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Spatial Information Systems (SIS) COMP 30110 Raster-based structures (1). Raster-based data structures. Unlike vector data, raster data are arrays of cells In simple raster structures there is a one-to-one correspondence between data value, cell and location

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slide1

Spatial Information Systems (SIS)

COMP 30110

Raster-based structures (1)

slide2

Raster-based data structures

Unlike vector data, raster data are arrays of cells

In simple raster structures there is a one-to-one correspondence between data value, cell and location

In this case, all data values are stored as a simple array with a meta file including:

number of rows and columns

cell size

minimum values of X and Y coordinates

slide3

Simple raster-based data structures

Example:

Ncols 270

Nrows 476

Xcorner 391253.1875

Ycorner 4064188.25

Cellsize 3

NODATA_Value -9999

-9999 –9999 –9999 –9999 –9999 –9999 2321.5 2321.295 2320.653 2319.938 2319.385…

-9999 –9999 –9999 –9999 2321.5 2321.5 2321.5 2321.093 2320.492 2319.851 2319.341…

-9999 –9999 2321.5 2321.5 2321.5 2321.5 2321.421 2320.977 2320.449 2319.905 2319.438…

-9999 –9999 2321.5 2321.5 2321.5 2321.5 2321.327 2320.94 2320.492 2320.024 2319.595…

-9999 –9999 2321.5 2321.5 2321.5 2321.5 2321.281 2320.964 2320.588 2320.179 2319.777…

slide4

Efficiency issues

The simple raster-based structure of the example is inefficient in terms of data storage: regardless of the data distribution it uses the same amount of disk space

This can also degrade data processing

Two issues:

compression methods (efficiently store data)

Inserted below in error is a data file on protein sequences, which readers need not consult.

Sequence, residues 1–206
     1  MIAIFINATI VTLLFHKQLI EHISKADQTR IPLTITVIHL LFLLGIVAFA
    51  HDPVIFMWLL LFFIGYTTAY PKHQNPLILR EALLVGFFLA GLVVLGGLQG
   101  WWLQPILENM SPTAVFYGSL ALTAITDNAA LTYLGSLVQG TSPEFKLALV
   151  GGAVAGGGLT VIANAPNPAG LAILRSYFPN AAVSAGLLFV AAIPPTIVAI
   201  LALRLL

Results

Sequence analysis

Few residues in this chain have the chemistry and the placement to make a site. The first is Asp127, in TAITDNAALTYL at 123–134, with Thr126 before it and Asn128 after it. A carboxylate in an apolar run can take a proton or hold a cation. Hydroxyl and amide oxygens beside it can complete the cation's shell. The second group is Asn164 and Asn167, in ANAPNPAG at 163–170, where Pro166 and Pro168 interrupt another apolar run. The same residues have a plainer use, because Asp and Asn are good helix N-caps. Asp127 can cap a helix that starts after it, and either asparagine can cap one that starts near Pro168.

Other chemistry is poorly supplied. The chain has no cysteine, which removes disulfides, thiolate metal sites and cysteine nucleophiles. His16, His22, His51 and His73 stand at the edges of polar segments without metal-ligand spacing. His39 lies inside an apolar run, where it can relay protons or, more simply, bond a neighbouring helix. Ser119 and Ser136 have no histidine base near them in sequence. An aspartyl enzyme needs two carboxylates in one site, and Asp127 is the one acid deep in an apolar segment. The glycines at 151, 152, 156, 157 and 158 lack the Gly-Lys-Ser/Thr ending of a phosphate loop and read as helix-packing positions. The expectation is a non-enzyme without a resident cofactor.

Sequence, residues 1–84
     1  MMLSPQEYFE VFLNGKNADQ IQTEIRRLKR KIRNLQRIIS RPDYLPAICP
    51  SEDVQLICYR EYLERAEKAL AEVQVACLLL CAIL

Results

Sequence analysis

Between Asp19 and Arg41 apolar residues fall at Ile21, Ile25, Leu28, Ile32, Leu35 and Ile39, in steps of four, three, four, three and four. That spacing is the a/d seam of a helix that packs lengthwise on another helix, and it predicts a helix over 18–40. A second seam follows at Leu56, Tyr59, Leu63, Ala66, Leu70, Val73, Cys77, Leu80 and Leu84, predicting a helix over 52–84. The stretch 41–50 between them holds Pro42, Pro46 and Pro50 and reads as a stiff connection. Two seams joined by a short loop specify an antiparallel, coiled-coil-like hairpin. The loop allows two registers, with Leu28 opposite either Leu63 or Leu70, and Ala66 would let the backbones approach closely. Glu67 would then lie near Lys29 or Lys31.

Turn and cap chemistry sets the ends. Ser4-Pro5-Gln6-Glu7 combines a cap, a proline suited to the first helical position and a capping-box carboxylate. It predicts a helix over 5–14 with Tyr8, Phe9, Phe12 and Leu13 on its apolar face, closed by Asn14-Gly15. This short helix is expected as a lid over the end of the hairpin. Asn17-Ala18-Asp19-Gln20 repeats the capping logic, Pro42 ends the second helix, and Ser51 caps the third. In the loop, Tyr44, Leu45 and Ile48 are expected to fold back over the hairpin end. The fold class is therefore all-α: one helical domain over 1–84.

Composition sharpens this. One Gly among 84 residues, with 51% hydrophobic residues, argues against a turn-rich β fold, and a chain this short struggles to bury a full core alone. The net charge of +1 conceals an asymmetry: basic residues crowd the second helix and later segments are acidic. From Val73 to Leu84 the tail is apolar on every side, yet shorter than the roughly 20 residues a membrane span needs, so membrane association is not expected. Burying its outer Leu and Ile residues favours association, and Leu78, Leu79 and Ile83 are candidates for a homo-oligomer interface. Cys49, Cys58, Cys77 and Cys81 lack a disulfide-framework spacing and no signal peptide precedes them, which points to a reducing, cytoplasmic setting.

scan order (how to scan the data in the array)

slide5

Compression

Geographic phenomena often show a degree of spatial autocorrelation: similar values near each other

Therefore there are blocks of cells in the raster array with same data value

Example:

raster cells are used to represent an area with homogeneous property (e.g., colour, etc.) all cells covering that area will have same value

These considerations are used in compression methods:

run-length encoding

quadtrees

etc.

slide6

A

C

B

Run-length encoding

It groups cells of the same value row by row

Example:

Row 1,5,1,3,3

Row 2,5,1,3,3

Row 3,7,1,1,3

Row 4,7,1,1,3

Row 5,4,1,4,3

Row 6,4,1,2,2,2,3

Row 7,6,2,2,3

Row 8,7,2,1,3 A=1, B=2, C=3

Useful when there are just a few attribute values

Highly inefficient when there is high degree of spatial variability in the data

slide7

A

C

B

Quadtree (Samet 1989)

It is a hierarchical data structure

Based on the concept of recursive decomposition of space

The quadtree data structure subdivides a grid into four

quadrants: NW, NE, SW, SE

NW

NE

SE

SW

slide8

A

C

B

Quadtree (cont.d)

Each quadrant is in turn subdivided into subquadrants if not

homogeneous (i.e. contains only one attribute value)

slide9

A

C

B

Quadtree (cont.d)

The process is repeated recursively to the obtained subquadrants

Note that this method can only be applied to grids with both numbers of

rows and columns equal to a power of 2

slide10

A

ROOT

C

B

SE

NE

SW

NW

1

NW NE SW SE

1 1 2 2

NW NE SW SE

3 1

NW NE SW SE

3 2

NW NE SW SE

1 3 1 3

NW NE SW SE

1 3 1 3

NW NE SW SE

3 3 2 2

Quadtree (cont.d)

Represented as a tree where:

the root node corresponds to the entire grid

leaf nodes identify attribute values and quadrants without further subdivision

intermediate nodes correspond to quadrants that are further subdivided

A=1, B=2, C=3

NW NE SW SE

3 3 2 3